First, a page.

or Skellig Michael is a fairly inhospitable
island of rock which covers 44 acres and rises some 218 m (714 ft) above sea level. On the top is an ancient Christian
Monastery reached by a 1500 year old stairway cut out of the rock. The
Monks settled on Skellig Michael in the 6th
century when they built 6 beehive cells and two boat shaped oratories.
These structures, built without mortar, are still standing centuries later
despite having been battered by numerous storms.
perhaps, the monks were self sufficient. They
traded seal meat, eggs and feathers with passing boats for tools, cereals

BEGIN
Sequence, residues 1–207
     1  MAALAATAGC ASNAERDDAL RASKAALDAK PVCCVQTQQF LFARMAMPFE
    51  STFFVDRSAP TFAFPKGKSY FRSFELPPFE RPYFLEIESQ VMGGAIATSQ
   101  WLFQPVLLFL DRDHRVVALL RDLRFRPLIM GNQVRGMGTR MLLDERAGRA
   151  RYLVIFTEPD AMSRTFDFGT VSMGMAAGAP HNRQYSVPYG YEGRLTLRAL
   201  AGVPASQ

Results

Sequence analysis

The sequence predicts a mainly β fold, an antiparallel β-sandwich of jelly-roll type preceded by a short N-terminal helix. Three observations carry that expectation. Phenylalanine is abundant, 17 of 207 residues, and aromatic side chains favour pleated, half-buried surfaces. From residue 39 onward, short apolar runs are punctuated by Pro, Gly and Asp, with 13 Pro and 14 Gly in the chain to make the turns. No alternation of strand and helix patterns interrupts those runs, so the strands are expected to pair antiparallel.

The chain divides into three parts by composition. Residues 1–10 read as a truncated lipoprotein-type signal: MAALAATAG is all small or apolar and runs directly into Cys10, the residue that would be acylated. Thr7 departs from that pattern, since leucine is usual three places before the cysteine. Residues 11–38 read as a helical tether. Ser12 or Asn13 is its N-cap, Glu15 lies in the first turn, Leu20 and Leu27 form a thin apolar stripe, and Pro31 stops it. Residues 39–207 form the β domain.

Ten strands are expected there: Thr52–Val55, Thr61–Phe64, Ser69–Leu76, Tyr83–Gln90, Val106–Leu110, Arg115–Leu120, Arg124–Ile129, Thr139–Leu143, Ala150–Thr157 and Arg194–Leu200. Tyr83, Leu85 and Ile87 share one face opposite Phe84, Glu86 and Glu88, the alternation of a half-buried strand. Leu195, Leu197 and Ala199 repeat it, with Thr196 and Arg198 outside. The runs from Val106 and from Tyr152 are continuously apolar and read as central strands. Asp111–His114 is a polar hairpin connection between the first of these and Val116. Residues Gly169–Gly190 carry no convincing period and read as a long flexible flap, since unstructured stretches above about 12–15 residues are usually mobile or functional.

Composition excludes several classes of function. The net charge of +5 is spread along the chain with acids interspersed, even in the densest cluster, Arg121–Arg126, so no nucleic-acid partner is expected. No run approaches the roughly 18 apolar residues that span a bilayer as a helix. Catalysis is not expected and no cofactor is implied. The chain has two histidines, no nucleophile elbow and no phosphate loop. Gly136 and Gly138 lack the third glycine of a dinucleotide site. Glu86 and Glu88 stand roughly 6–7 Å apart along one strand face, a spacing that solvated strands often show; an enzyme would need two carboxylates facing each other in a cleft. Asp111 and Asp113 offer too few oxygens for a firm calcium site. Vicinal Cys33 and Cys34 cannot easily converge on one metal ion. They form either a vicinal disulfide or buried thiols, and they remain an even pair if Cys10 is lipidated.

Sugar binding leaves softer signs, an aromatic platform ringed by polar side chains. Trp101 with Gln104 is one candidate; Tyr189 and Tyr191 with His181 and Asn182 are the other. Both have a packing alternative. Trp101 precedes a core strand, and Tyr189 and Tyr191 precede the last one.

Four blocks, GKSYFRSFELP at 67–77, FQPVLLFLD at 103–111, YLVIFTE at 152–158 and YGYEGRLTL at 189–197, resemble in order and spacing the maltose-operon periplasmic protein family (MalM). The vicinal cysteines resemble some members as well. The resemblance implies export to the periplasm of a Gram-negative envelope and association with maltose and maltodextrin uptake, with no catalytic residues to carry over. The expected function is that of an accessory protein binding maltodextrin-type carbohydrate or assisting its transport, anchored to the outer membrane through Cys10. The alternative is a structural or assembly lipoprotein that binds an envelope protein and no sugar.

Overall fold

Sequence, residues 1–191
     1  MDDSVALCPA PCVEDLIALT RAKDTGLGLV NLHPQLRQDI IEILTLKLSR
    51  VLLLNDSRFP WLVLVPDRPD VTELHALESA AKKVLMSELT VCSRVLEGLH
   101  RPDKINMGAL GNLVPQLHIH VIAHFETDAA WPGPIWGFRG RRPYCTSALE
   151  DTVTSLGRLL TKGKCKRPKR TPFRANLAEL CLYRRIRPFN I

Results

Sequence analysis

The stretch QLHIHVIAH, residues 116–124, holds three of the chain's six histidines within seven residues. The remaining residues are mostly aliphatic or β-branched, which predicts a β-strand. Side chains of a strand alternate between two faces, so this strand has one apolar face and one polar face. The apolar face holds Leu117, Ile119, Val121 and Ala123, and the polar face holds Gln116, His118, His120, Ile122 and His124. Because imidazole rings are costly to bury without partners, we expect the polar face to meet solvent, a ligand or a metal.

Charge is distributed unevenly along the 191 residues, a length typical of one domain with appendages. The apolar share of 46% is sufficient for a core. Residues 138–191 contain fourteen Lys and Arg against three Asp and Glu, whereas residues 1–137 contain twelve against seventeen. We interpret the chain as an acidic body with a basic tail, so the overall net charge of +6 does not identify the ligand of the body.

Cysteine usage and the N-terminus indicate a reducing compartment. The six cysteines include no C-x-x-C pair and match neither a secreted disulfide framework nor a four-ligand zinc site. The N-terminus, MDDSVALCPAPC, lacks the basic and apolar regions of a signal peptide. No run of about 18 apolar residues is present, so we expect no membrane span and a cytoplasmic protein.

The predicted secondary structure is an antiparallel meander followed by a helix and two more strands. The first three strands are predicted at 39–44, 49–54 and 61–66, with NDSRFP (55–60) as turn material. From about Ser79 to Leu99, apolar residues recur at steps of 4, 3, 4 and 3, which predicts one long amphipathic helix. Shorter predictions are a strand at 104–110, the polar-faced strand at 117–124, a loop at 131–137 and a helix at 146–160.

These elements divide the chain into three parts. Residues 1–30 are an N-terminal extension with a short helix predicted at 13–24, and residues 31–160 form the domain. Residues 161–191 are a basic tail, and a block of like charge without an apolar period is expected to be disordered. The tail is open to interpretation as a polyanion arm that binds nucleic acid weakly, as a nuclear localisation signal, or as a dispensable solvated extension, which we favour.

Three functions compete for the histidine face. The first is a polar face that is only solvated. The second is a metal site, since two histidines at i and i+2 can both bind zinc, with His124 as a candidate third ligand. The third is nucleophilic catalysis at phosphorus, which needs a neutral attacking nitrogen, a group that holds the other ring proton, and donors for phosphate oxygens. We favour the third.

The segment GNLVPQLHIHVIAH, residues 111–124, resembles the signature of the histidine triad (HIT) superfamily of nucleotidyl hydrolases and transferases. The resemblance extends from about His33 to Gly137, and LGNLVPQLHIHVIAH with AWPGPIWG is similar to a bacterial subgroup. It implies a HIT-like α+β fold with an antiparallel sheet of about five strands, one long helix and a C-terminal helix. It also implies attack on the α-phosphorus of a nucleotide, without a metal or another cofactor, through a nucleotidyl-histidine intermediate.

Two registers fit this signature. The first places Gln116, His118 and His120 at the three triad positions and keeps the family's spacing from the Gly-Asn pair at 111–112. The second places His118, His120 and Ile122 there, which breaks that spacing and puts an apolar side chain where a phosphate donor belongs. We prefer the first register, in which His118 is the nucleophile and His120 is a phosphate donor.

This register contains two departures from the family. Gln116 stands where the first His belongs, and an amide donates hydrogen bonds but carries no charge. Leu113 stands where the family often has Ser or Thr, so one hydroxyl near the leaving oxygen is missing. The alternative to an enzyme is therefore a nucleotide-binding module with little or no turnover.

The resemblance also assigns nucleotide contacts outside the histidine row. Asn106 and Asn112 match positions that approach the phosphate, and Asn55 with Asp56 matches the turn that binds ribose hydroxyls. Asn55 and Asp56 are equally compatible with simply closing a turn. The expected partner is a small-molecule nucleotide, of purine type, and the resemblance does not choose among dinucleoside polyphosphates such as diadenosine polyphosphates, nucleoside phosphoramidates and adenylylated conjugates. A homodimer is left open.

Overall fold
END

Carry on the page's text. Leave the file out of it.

and animal skins. The skins were used as vellum on which the monks copied
their religious manuscripts. The monks remained on the island until the 12th
century when they moved to the mainland to the Augustinian priory at Ballinskelligs.
Now thousands of
seabirds are the only residents - storm petrols,
puffins, and the like. Here, and on Little Skellig,
they can breed in peace free from the fear of any predator.
High up on Skellig Michael, the Little Skellig
can be seen a short way off. These two rocks were the first sign of land
that Charles Lindbergh saw as he flew across the
Atlantic Ocean in 1927